I think I have more friends now than I’ve had at any other time in my life. Some are mere acquaintances. Many live several states away and yet are as close as next-door neighbors. Some are “online only” friends who I have never actually met in person, and yet we confide in each other about things you sometimes can’t share with others who are physically closer to you; there’s something safe about the distance.
I didn’t have a ton of friends growing up. There weren’t a lot of kids in my neighborhood and the few that there were weren’t great to play with – the house across the street perpetually had some type of poor, shitty, drug-addled parents and any number of rug rats running around in the dirt. There was a girl around the corner I played with when I was very small, until we found out her mom was seriously and dangerously nuts – something about a kitchen knife that I don’t really recall all the details about, and then I wasn’t allowed to play with her anymore. I had a Very Best Friend throughout elementary and into middle school, and then got another Very Best Friend for the rest of my schooling, but my social circle was increasingly smaller as I matriculated through the Mansfield School System, and made up of misfits, weirdos, musicians, nerds, hoods and other fringy people who could tolerate my extreme emotions, loud, terrible mouth and delinquent behavior.
When I went to college and formally began to study theater, it was like I finally met my real family. Lots of people, many just like me, with similar dreams, hopes, wishes, and weirdness. They offered unconditional acceptance, which was really what I had been looking for all through school and had never found it. When I got the news that my father had died in my 2nd year of college, without even thinking, I gathered up my keys and walked over to the green room in the university’s theater building, knowing that someone would be there who would help me. I crumpled into a heap and they surrounded me and held me. I didn’t even know some of them very well; that’s just how theater people roll – if you are one of us, you are one of us. We are all one.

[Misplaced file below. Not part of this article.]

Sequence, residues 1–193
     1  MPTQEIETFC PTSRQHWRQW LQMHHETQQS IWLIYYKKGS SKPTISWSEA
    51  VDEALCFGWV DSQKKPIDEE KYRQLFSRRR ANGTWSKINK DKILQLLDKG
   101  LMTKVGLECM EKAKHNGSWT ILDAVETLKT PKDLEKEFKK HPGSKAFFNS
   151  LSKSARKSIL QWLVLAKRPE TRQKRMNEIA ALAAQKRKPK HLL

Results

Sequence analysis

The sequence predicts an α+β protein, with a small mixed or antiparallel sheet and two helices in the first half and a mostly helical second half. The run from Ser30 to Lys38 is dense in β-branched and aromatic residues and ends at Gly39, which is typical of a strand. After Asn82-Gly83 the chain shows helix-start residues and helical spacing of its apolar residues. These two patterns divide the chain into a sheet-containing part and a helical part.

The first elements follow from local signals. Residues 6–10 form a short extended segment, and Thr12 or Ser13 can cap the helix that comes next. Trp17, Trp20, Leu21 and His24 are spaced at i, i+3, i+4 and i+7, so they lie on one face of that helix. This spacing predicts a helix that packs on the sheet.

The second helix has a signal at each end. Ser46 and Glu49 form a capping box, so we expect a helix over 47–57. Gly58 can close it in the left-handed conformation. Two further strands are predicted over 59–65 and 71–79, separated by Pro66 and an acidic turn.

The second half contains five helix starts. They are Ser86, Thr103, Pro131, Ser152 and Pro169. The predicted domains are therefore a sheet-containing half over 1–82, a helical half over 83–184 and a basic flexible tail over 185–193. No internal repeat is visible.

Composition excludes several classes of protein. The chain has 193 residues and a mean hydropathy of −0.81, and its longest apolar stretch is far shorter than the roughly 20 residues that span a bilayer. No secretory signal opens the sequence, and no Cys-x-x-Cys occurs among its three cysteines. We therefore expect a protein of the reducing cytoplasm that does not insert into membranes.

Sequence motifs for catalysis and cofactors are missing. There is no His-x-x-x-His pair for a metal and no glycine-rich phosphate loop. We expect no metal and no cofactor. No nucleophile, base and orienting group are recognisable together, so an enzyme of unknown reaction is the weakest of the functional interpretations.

I have a broader mix of friends now. Some of them are theater people, yes, but the cross-section of the rest is so varied in every facet – socio-economic class, background, education, profession, age – that it’s impossible to group them into any one bucket except to say that they are my friends and I am lucky to have them. I had so many people contact me in the last 48 hours, to check in with me and see how I’m doing in what is a very difficult time personally, that I can’t help but cry even more, as their caring so touches me. I can’t quite let anyone in right now. I know they are there and knocking but I can’t deal with talking. My mind becomes a cotton ball, my body becomes a tornado and I’m not in control of myself or my emotions in any way. But I love them so much for loving me, for thinking of me, for accepting me, for wanting to help. It really means a lot to me. I know they will be there when my submarine surfaces. I may need a hand up out of the hole, and am lucky to know there will be several.